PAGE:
Cancer cells don't live on glass slides, yet the vast majority of images related to cancer biology come from the cells being photographed on flat, two-dimensional surfaces--images that are sometimes used to make conclusions about the behaviour of cells that normally reside in a more complex environment. But a new high-resolution microscope, presented February 22 in Developmental Cell, now makes it possible to visualize cancer cells in 3D and record how they are signaling to other parts of their environment, revealing previously unappreciated biology of how cancer cells survive and disperse within living things.
"There is clear evidence that the environment strongly affects cellular behavior--thus, the value of cell culture experiments on glass must at least be questioned," says senior author Reto Fiolka, an optical scientist at the University of Texas Southwestern Medical Center. "Our microscope is one tool that may bring us a deeper understanding of the molecular mechanisms that drive cancer cell behavior, since it enables high-resolution imaging in more realistic tumor environments."
In their study, Fiolka and colleagues, including co-senior author Gaudenz Danuser, and co-first authors Meghan Driscoll and Erik Welf, also of UT Southwestern, used their microscope to image different kinds of skin cancer cells from patients. They found that in a 3D environment (where cells normally reside), unlike a glass slide, multiple melanoma cell lines and primary melanoma cells (from patients with varied genetic mutations) form many small protrusions called blebs. One hypothesis is that this blebbing may help the cancer cells survive or move around and could thus play a role in skin cancer cell invasiveness or drug resistance in patients.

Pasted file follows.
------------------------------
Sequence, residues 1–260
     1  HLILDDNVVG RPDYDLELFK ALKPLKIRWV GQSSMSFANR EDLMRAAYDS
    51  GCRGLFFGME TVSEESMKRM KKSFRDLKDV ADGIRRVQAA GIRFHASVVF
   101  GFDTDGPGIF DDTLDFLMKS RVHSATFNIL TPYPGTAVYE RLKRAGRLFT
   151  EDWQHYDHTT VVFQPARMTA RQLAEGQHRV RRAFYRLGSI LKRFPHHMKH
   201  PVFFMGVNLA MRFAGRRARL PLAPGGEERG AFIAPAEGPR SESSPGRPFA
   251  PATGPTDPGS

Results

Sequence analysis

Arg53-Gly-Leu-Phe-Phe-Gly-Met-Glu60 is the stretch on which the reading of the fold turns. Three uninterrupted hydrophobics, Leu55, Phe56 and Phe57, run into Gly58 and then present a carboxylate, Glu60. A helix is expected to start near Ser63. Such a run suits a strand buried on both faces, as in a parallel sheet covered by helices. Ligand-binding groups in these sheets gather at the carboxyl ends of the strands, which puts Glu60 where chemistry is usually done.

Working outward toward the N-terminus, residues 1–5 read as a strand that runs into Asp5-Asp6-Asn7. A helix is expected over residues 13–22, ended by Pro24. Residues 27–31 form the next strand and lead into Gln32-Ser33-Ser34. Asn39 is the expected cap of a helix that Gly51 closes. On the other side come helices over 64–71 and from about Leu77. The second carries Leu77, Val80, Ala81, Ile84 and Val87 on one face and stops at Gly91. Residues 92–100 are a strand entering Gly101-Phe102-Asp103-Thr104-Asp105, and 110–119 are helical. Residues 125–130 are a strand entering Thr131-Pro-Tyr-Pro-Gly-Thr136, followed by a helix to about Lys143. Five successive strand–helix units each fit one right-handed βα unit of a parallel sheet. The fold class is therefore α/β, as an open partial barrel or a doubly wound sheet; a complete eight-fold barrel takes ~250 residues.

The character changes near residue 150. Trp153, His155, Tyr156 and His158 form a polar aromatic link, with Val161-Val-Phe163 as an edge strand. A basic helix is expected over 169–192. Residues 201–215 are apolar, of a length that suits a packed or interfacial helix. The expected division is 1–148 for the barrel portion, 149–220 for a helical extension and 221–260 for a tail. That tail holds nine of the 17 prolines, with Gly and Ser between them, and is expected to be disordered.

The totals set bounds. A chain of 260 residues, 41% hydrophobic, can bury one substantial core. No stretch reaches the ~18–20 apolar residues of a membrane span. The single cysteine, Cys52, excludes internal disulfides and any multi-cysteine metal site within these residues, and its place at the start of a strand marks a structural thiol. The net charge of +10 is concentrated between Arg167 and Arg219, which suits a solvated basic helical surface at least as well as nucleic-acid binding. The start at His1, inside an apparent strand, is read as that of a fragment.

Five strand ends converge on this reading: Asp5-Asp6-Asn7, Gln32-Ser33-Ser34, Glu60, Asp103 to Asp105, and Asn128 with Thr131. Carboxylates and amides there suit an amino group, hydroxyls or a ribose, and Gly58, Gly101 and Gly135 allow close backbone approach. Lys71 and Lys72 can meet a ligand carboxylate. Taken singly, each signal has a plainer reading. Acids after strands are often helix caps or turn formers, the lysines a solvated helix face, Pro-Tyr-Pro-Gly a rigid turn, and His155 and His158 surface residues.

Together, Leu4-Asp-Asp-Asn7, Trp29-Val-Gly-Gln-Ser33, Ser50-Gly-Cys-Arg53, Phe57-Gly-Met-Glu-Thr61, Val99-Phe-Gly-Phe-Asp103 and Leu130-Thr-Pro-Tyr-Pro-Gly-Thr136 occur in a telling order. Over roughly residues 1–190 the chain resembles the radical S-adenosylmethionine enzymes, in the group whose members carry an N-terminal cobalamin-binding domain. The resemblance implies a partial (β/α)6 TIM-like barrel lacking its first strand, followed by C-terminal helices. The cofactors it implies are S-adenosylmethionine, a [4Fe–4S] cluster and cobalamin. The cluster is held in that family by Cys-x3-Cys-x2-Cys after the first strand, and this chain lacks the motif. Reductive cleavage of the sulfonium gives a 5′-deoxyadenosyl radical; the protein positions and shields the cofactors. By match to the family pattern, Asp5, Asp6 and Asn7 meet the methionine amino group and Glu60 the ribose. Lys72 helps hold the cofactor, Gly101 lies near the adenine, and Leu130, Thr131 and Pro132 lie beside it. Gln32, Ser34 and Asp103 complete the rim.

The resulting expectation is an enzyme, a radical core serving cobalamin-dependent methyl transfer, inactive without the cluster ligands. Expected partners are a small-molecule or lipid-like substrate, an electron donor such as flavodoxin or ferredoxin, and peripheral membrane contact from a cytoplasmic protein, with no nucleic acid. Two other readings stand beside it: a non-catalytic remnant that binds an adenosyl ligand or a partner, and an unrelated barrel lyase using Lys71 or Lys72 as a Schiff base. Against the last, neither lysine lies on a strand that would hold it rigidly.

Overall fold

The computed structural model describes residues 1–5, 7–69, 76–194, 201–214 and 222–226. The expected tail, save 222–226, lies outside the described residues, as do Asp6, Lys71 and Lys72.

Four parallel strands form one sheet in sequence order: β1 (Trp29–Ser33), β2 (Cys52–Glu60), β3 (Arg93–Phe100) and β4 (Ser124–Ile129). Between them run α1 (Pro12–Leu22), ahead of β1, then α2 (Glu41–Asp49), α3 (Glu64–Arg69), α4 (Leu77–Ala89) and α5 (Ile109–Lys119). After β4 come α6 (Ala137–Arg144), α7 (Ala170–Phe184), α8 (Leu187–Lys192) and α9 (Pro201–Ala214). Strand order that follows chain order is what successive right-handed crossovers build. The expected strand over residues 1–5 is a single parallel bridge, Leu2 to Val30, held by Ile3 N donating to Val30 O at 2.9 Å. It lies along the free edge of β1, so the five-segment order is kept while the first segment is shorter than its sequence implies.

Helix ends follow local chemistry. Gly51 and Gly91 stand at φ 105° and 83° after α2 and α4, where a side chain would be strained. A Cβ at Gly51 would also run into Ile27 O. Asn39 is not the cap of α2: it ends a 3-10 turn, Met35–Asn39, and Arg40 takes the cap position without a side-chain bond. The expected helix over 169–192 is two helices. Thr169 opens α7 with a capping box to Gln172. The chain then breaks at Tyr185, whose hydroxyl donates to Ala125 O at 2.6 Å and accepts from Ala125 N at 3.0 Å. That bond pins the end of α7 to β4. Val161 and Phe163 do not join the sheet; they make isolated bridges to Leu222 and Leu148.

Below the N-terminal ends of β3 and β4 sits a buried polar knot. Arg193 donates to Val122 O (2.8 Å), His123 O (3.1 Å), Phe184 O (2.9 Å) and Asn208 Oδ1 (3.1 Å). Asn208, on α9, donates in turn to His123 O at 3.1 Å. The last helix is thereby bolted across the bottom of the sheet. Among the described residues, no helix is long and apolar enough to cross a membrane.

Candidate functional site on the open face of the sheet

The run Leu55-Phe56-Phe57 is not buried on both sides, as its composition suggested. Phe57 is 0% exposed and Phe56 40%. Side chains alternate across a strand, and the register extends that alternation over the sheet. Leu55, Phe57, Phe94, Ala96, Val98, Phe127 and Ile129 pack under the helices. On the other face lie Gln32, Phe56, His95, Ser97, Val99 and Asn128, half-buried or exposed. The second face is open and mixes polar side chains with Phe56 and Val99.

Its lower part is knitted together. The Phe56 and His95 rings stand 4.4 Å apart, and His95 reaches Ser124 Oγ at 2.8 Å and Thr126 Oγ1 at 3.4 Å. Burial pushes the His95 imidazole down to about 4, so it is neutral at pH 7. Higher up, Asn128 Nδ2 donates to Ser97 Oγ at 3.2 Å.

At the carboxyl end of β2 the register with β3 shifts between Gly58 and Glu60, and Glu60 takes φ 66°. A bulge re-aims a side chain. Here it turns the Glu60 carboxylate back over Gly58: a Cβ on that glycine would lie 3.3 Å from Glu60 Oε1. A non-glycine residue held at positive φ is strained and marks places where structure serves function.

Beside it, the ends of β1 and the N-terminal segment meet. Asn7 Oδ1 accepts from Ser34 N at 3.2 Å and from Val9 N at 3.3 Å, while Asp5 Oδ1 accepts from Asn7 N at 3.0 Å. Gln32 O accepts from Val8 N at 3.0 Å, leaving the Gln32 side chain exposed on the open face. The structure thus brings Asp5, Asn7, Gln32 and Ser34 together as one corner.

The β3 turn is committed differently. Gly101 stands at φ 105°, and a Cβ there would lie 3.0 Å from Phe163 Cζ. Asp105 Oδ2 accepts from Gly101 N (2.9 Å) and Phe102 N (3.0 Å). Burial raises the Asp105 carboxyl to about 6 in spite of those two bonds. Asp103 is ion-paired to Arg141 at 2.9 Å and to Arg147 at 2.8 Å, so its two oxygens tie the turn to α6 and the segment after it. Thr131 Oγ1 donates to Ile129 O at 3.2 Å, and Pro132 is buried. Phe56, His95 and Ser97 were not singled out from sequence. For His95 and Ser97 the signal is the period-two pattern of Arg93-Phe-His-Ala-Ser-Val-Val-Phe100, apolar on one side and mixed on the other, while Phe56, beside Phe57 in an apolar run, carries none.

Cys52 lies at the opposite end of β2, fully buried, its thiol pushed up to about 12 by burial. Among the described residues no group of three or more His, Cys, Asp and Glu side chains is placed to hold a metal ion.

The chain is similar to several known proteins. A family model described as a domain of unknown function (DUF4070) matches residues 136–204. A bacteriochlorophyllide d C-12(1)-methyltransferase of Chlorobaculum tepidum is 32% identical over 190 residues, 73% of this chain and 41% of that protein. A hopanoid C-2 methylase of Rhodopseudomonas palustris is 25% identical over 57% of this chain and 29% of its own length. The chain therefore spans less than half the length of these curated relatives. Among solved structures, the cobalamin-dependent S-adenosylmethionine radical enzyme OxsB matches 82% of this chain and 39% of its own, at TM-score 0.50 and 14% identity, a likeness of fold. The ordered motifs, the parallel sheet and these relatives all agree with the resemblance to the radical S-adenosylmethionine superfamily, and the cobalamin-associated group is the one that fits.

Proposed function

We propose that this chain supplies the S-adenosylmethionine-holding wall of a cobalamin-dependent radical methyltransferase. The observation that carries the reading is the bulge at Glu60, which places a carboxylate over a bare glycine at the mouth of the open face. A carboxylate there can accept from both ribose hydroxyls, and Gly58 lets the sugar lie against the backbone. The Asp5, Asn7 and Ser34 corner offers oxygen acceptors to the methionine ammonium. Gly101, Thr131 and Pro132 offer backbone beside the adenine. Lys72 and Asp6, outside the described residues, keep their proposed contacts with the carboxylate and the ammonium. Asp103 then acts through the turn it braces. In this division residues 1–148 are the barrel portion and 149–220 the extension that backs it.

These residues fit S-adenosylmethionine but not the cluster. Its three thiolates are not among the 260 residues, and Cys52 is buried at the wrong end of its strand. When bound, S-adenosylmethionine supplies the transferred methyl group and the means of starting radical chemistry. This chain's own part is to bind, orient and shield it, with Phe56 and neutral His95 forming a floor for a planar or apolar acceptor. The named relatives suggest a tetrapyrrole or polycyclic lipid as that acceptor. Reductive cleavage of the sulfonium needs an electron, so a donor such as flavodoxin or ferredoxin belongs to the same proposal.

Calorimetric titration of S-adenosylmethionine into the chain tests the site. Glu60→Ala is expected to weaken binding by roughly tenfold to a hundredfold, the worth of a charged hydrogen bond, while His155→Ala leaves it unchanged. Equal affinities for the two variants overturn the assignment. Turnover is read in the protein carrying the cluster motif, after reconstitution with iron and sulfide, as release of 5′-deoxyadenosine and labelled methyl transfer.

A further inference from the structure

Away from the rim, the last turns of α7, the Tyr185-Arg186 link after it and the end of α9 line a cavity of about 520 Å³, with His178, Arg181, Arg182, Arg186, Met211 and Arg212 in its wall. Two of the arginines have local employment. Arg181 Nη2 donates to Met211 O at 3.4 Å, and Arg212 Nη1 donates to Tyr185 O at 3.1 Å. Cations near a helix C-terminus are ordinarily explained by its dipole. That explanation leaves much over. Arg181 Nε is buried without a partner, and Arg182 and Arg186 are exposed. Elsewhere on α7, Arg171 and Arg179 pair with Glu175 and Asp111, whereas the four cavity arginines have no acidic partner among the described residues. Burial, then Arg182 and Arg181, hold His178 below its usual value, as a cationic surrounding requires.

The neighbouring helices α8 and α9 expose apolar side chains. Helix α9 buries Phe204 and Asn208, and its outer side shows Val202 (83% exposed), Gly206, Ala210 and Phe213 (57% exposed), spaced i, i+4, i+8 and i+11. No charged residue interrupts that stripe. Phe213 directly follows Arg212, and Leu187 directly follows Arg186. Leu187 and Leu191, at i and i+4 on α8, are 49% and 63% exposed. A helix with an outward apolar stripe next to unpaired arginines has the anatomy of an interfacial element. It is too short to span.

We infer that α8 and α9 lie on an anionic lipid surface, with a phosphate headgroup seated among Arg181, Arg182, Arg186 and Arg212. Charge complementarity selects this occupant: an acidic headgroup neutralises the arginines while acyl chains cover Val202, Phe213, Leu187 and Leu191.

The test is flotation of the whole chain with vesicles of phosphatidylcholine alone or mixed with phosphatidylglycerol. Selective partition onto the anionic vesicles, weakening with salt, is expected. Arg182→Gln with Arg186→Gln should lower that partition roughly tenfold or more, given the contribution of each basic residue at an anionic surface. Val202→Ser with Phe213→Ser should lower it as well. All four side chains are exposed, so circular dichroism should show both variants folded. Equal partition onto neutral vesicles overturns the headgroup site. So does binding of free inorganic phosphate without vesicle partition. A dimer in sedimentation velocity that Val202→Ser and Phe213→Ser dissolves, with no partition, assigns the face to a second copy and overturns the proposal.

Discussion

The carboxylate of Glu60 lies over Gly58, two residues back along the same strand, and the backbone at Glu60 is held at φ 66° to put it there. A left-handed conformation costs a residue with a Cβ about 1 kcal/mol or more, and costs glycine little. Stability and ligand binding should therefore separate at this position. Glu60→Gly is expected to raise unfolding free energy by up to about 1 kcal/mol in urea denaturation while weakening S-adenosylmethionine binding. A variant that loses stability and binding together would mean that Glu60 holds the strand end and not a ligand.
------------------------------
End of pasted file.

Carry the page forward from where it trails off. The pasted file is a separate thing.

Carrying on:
The researchers say that this is a first step toward understanding 3D biology in tumor microenvironments. And since these kinds of images may be too complicated to interpret by the naked eye alone, the next step will be to develop powerful computer platforms to extract and process the information.
"When we conceived of this project, we first asked what we wanted to measure and then designed a microscope and analytical platform to achieve this goal," says co-first author Erik Welf, a cell biologist. "We hope that now instead of asking what we can measure, scientists will ask what we must measure in order to make meaningful contributions to cancer cell biology."
The microscope control software and image analytical code are freely available to the scientific community.